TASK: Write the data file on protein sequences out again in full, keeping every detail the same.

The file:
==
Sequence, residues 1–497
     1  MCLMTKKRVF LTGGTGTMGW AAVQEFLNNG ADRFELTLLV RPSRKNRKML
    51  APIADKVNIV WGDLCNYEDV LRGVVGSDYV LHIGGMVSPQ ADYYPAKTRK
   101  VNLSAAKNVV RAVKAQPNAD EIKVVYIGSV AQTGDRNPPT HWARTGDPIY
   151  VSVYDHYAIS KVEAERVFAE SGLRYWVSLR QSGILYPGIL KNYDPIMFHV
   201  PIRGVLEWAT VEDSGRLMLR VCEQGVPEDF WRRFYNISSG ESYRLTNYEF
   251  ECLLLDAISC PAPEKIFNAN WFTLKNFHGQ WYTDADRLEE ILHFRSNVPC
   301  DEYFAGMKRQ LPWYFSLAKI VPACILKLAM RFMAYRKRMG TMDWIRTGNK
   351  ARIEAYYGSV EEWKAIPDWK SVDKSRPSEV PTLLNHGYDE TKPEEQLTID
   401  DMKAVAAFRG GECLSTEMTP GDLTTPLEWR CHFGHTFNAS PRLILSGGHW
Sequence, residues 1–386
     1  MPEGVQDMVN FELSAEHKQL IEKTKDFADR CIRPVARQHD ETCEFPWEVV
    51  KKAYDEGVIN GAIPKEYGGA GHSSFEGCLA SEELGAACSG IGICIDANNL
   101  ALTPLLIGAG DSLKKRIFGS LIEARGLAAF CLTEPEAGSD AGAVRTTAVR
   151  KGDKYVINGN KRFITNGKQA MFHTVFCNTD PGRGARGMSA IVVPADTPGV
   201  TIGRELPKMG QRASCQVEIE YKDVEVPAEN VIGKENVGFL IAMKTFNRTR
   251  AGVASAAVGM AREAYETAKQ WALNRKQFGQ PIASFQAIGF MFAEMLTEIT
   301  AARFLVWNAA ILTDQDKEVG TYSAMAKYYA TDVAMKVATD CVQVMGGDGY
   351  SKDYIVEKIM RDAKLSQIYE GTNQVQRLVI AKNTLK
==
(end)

Sequence, residues 1–497
     1  MCLMTKKRVF LTGGTGTMGW AAVQEFLNNG ADRFELTLLV RPSRKNRKML
    51  APIADKVNIV WGDLCNYEDV LRGVVGSDYV LHIGGMVSPQ ADYYPAKTRK
   101  VNLSAAKNVV RAVKAQPNAD EIKVVYIGSV AQTGDRNPPT HWARTGDPIY
   151  VSVYDHYAIS KVEAERVFAE SGLRYWVSLR QSGILYPGIL KNYDPIMFHV
   201  PIRGVLEWAT VEDSGRLMLR VCEQGVPEDF WRRFYNISSG ESYRLTNYEF
   251  ECLLLDAISC PAPEKIFNAN WFTLKNFHGQ WYTDADRLEE ILHFRSNVPC
   301  DEYFAGMKRQ LPWYFSLAKI VPACILKLAM RFMAYRKRMG TMDWIRTGNK
   351  ARIEAYYGSV EEWKAIPDWK SVDKSRPSEV PTLLNHGYDE TKPEEQLTID
   401  DMKAVAAFRG GECLSTEMTP GDLTTPLEWR CHFGHTFNAS PRLILSGGHW
Sequence, residues 1–386
     1  MPEGVQDMVN FELSAEHKQL IEKTKDFADR CIRPVARQHD ETCEFPWEVV
    51  KKAYDEGVIN GAIPKEYGGA GHSSFEGCLA SEELGAACSG IGICIDANNL
   101  ALTPLLIGAG DSLKKRIFGS LIEARGLAAF CLTEPEAGSD AGAVRTTAVR
   151  KGDKYVINGN KRFITNGKQA MFHTVFCNTD PGRGARGMSA IVVPADTPGV
   201  TIGRELPKMG QRASCQVEIE YKDVEVPAEN VIGKENVGFL IAMKTFNRTR
   251  AGVASAAVGM AREAYETAKQ WALNRKQFGQ PIASFQAIGF MFAEMLTEIT
   301  AARFLVWNAA ILTDQDKEVG TYSAMAKYYA TDVAMKVATD CVQVMGGDGY
   351  SKDYIVEKIM RDAKLSQIYE GTNQVQRLVI AKNTLK